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Salmonella

By sequencing ancient Salmonella enterica isolates, investigators retraced the history of the bug in humans transitioning to pastoral and agricultural lifestyles.

In Nature this week: resources for single-cell analysis, little overlap in the microRNAs used by Salmonella and Shigella to infect host cells, and more.

Canadian food inspectors are relying on whole-genome sequencing to track foodborne pathogens, the CBC reports.

The firm claims that its Clear Safety platform will help food safety professionals detect food-borne pathogens and prevent outbreaks across the US.

Tracing the Bugs

The Wall Street Journal reports on the US Centers for Disease Control and Prevention's use of genetic approaches to study foodborne illnesses.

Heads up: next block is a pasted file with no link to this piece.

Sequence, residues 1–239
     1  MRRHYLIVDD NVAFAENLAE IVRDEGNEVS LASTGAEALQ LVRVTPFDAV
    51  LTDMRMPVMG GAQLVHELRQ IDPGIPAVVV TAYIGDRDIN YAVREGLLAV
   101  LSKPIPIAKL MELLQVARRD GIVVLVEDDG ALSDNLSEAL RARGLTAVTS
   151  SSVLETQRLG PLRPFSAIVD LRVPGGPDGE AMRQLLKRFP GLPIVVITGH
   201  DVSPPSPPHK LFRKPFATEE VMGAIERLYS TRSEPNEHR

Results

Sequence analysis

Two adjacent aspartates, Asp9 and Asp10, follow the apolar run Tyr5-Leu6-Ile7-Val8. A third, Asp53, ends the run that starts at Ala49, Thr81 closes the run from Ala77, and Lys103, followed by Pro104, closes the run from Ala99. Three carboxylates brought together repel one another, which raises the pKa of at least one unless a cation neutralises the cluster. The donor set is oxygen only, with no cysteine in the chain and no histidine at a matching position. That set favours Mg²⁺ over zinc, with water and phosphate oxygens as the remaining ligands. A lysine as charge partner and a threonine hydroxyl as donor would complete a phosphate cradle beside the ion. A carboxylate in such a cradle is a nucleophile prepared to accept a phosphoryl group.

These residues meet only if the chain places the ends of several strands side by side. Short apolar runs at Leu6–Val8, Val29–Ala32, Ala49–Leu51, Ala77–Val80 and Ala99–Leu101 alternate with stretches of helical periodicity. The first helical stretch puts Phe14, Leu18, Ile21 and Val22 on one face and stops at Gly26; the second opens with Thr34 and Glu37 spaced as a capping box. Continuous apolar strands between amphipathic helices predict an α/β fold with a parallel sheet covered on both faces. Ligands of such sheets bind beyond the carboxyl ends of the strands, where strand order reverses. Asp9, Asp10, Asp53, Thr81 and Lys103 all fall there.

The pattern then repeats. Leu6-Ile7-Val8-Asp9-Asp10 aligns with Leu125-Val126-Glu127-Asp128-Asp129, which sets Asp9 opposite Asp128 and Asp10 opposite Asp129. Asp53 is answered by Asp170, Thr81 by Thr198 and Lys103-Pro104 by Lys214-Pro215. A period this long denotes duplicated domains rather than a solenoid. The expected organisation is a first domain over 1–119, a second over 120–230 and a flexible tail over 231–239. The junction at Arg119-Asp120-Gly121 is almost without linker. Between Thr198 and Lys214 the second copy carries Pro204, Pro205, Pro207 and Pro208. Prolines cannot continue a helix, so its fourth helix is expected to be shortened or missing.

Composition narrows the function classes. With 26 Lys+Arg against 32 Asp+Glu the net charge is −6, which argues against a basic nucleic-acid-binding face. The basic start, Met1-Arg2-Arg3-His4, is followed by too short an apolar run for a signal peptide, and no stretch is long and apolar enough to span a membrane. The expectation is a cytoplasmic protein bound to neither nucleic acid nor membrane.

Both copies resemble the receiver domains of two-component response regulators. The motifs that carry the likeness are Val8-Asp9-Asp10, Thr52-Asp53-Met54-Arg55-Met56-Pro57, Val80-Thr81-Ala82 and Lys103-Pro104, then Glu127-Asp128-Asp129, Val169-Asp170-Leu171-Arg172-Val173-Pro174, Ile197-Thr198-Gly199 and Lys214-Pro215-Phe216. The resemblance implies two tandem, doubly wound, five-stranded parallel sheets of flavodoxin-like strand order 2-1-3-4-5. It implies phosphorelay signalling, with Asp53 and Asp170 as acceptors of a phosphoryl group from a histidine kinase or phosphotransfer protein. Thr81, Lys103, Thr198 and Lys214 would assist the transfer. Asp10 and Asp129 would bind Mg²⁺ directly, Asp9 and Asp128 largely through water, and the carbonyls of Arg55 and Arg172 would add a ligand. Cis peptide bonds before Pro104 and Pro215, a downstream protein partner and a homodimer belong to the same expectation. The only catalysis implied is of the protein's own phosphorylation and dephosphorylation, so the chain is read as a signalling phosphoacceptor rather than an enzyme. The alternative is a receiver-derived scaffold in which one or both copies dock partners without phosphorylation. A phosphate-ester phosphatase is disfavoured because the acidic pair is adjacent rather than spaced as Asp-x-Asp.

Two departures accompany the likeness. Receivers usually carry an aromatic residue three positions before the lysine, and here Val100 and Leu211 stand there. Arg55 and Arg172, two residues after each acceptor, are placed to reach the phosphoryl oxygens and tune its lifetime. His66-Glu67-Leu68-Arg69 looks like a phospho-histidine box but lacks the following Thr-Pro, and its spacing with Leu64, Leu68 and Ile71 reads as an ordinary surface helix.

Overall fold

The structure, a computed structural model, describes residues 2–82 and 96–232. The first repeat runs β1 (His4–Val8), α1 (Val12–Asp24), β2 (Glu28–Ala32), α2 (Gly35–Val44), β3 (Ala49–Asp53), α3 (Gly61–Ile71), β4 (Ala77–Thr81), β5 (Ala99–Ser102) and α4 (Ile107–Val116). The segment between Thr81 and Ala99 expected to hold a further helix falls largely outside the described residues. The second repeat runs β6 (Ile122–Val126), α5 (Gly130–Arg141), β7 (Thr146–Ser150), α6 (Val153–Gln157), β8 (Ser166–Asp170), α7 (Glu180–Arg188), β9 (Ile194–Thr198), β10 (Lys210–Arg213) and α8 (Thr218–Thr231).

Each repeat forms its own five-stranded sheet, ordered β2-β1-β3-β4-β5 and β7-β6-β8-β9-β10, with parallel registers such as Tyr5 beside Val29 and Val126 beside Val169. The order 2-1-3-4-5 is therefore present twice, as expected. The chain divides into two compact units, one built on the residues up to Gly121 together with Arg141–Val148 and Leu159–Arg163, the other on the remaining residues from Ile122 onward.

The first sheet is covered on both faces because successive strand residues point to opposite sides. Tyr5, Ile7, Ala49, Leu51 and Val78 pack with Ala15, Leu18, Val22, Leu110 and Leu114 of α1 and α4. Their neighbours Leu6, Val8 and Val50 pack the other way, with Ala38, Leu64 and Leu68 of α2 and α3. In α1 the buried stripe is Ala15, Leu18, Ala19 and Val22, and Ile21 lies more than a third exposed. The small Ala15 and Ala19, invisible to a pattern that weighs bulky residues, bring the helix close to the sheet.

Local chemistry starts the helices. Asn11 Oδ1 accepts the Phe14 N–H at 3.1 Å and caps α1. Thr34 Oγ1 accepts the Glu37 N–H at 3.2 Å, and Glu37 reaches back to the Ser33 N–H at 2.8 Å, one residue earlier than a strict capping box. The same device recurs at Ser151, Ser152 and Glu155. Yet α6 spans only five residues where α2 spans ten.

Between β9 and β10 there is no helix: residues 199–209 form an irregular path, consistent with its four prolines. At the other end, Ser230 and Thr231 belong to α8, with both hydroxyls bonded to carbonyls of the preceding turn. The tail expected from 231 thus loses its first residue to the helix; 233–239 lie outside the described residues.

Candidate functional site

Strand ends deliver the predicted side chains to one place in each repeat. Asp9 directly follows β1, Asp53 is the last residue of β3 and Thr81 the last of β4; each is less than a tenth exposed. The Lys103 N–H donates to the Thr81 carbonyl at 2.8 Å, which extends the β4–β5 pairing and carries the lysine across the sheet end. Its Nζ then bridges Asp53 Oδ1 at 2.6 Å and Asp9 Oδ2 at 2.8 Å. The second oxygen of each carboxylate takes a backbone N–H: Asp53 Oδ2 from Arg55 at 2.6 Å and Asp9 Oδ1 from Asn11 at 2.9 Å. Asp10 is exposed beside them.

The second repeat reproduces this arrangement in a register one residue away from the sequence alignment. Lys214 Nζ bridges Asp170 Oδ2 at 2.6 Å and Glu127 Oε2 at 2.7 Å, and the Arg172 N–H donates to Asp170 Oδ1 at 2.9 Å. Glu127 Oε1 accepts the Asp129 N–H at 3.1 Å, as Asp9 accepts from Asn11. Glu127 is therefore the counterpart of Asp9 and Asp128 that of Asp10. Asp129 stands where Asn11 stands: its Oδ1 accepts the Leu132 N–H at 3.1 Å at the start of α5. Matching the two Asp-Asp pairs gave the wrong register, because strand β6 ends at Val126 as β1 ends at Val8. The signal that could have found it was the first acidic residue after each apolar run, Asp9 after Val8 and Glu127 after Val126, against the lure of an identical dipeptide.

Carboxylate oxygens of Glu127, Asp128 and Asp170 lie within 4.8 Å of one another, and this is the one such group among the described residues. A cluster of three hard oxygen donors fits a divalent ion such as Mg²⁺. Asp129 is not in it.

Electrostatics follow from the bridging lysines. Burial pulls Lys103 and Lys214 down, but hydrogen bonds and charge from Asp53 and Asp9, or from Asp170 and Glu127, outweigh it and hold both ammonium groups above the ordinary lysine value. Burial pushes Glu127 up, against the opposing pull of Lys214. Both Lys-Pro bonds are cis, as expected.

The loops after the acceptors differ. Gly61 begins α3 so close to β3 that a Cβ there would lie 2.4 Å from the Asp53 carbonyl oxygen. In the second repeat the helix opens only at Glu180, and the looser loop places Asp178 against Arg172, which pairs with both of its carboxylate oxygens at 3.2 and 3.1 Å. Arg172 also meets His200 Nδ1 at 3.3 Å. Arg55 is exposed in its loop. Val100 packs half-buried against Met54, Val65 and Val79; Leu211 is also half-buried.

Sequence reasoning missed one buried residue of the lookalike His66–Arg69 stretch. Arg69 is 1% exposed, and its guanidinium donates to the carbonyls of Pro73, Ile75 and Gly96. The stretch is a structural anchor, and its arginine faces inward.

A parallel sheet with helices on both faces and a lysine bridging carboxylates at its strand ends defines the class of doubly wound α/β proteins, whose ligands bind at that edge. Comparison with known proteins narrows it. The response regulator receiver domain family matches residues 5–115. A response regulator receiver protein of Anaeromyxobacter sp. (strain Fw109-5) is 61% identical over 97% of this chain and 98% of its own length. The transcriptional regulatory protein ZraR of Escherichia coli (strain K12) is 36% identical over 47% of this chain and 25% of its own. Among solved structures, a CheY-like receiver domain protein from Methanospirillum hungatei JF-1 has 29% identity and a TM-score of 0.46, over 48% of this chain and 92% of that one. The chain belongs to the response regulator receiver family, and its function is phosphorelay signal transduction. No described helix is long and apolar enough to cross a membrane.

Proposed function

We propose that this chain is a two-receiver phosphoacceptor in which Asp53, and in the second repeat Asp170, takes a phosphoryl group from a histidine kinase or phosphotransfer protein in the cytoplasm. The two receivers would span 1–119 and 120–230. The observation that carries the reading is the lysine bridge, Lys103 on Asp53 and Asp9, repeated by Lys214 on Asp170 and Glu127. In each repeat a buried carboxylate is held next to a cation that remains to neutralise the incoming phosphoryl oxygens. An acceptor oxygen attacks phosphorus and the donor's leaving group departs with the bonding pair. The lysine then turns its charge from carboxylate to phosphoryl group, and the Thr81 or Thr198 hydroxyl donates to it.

In Nature this week: Salmonella enterica uncovered in 16th century Mexico cemeteries, reconstruction of Hans Jonatan's genome, and more.

In PNAS this week: host contributors to typhoid fever risk, effects of obesity-related variants near TMEM18, and more.

Scientists at Duke University have found that a gene variant that affects cholesterol levels can potentially increase a patient's risk of contracting typhoid fever.

The firm said that a number of hospitals and labs are expected to evaluate the panel, presenting it with about a $2.0 million annual revenue opportunity.  

The technology is identifying sources of foodborne pathogen outbreaks more quickly and precisely than older technology. 

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The Lancet has made changes to its peer-review process in response to its recent retraction of a COVID-19-related paper, Science reports.

The New York Times reports that a series of emails show how Department of Health and Human Services officials sought to silence the Centers for Disease Control and Prevention.

A new initiative aims to move Australia's genome sequencing labs onto one system, the Sydney Morning Herald reports.

In PLOS this week: recessive mutation tied to early-onset dilated cardiomyopathy, epigenetic analysis of lung adenocarcinoma, and more.